28 September 2008
20 September 2008
19 September 2008
13 September 2008
All of these are aimed at one thing: eliminating man. Of course those on the side of aggression do not think of themselves as trying eliminate people; that is, nevertheless, the 'finality' (in the philosophic sense) of them:
- contraception - no new babies
- abortion - kill existing babies
- euthanasia - kill inconvenient persons
- homosexuality - sexual pleasure without ... new babies!
There are deeper elements to this, as well, than merely the actual killing of human beings, and the avoidance of cooperating in the production of new human beings. Is it not the case that people are unhapy with the very idea that there is such a thing as 'human nature?'
The idea of 'gender' as a cultural construct presupposes this. The idea of Transhumanism explicitly claims it. Man is to remake man ... though into what image is not clear. Deep ecology, on the other hand, desires to see man merged into his environment - and espouses What Naess called 'biospheric egalitarianism.' Man - and his nature - are up for grabs.
The American election is a straw in the wind. I think that, in the short term, it will be better for the world if the McCain/Palin ticket wins the American election. I do not think it will make much difference in the long term. Men have turned against God, and in the process the have turned against man. I do not think there will be a return to the status quo ante. We cannot return to 1954. We can go forward only if we regain hope. But without God ... what hope is there?
07 September 2008
This week-end Susan and I were at a retreat given by Father Dominique Faure (I may have his last name spelt incorrectly - I have only heard it pronounced, not seen it spelt) of the Community of St John (http://www.stjean.com/EN/Jeu_accueil.php). He spoke on the book of the Apocalypse ('Revelation') - but what he spoke of was what he called the purification of the intelligence.
When we use the word 'intelligence' in English, we tend to mean what the philosopher sometimes call 'discursive reason' - the ability to 'connect the dots,' as it were, in a notion, to 'think things through to a conclusion.'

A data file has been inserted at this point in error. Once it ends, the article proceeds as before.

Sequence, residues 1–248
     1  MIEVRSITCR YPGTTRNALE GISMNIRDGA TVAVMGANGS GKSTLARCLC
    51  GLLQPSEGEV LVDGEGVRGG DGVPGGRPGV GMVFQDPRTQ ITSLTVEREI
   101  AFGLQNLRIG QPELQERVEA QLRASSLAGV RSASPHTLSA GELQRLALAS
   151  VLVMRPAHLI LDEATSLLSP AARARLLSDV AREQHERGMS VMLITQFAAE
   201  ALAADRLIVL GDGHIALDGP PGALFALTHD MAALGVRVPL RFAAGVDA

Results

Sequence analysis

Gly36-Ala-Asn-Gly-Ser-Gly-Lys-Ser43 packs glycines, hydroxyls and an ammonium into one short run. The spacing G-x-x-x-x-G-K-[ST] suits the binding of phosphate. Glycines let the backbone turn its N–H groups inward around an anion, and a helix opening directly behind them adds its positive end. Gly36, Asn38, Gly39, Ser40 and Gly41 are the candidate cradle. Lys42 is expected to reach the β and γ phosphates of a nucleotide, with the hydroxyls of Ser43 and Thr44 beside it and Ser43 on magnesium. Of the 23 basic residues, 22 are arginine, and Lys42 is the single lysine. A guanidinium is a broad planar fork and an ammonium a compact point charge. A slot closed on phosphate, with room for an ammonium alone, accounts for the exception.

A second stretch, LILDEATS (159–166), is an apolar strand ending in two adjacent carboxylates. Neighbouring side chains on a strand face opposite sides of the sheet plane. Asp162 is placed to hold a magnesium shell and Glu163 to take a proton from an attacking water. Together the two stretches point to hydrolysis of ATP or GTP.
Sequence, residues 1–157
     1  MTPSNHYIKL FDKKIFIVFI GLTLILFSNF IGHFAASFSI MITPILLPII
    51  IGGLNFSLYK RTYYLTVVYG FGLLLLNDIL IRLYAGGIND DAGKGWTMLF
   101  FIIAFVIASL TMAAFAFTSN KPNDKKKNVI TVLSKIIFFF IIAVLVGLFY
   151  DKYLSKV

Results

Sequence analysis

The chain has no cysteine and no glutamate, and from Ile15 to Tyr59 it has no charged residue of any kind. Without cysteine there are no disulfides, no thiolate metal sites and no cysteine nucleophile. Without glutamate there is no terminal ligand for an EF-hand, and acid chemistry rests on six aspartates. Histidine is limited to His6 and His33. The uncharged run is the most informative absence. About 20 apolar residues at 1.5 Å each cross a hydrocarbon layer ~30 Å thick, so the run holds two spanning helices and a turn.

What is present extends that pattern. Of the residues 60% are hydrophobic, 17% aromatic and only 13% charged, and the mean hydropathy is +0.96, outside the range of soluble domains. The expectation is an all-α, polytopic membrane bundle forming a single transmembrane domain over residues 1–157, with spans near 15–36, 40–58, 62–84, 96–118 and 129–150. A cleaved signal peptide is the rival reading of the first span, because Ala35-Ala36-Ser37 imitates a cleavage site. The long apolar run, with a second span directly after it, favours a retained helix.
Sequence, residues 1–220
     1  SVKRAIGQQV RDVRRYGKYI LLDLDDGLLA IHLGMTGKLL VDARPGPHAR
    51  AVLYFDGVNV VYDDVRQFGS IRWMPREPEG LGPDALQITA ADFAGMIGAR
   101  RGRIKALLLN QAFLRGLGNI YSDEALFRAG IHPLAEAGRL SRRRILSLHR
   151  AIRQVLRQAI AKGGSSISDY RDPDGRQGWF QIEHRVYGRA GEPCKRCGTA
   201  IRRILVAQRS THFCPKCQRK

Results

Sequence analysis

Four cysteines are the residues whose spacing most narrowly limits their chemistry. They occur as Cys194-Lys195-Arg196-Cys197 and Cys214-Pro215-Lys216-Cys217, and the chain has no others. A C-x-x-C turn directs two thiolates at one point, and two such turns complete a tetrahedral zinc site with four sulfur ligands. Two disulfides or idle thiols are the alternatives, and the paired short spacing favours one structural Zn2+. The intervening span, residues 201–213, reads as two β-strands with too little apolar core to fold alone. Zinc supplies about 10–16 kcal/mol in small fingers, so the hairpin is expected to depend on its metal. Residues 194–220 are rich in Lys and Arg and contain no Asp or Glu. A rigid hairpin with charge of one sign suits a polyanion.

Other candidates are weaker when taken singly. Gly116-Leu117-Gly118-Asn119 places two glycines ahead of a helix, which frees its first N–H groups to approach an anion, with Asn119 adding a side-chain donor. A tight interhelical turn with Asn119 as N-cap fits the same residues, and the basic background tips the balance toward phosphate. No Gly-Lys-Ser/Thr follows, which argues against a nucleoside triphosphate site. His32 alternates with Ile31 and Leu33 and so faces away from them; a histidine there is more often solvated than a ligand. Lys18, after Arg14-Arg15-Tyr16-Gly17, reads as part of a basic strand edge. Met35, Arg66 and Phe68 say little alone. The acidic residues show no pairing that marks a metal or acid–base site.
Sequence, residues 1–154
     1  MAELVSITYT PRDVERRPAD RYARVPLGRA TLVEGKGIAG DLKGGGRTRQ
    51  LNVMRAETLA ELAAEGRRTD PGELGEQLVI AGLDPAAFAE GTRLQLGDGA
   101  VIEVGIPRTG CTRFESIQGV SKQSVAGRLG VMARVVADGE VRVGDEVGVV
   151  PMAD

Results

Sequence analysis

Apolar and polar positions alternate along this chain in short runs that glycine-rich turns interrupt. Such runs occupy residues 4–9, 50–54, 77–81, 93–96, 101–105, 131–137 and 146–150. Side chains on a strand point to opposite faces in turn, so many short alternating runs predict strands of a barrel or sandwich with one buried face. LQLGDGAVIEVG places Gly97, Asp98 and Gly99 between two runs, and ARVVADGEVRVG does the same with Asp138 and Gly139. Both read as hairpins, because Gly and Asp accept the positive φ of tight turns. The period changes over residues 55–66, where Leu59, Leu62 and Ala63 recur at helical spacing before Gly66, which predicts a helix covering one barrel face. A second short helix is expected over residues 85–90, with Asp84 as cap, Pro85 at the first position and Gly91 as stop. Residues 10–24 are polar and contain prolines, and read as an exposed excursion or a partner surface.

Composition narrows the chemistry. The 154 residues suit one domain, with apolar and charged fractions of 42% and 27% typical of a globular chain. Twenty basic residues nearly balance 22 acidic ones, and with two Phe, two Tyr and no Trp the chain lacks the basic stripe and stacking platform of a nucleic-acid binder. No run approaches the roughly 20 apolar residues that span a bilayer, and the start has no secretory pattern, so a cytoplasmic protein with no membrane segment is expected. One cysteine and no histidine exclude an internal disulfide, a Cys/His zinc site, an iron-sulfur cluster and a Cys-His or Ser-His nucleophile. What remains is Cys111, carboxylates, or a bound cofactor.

What Father Dominique is referring to is the ability to see - to take in an external reality directly. We know this and that about a person, for instance. We can tell you the colour of his eyes and hair, what he likes to eat for dinner, the sort of books he reads.
But knowing the person is something else. The sort of 'seeing' that I finally managed with that little picture is that sort of seeing. It is sometimes called, in philosophy, 'contemplation.' It means knowing a thing directly, as it is in itself, not just as it has impressed us.
This is very difficult. It is quite easy to miss this in our own experience. We often fail to know the persons we love because we are often in love with an image in our own mind, one we have created out of bits and pieces from our experience with that person, but often with material we have made up out of our own self-interest.
And we often know God in just this way. We often are directing our attention to God to just such a created idol. In fact, it is, I suspect, inevitable in this life that we should do so. We are always struggling more or less to free ourselves from such idolatry, to remind ourselves that God is not the same as our idea of Him.
It will not always be so. One day we shall know even as we are known. We shall see Him as He is - for we shall be - God grant it! - like Him. Then we shall not fail to know every other thing as it really is, for we shall know every other thing - and ever other person - as they are, in Him.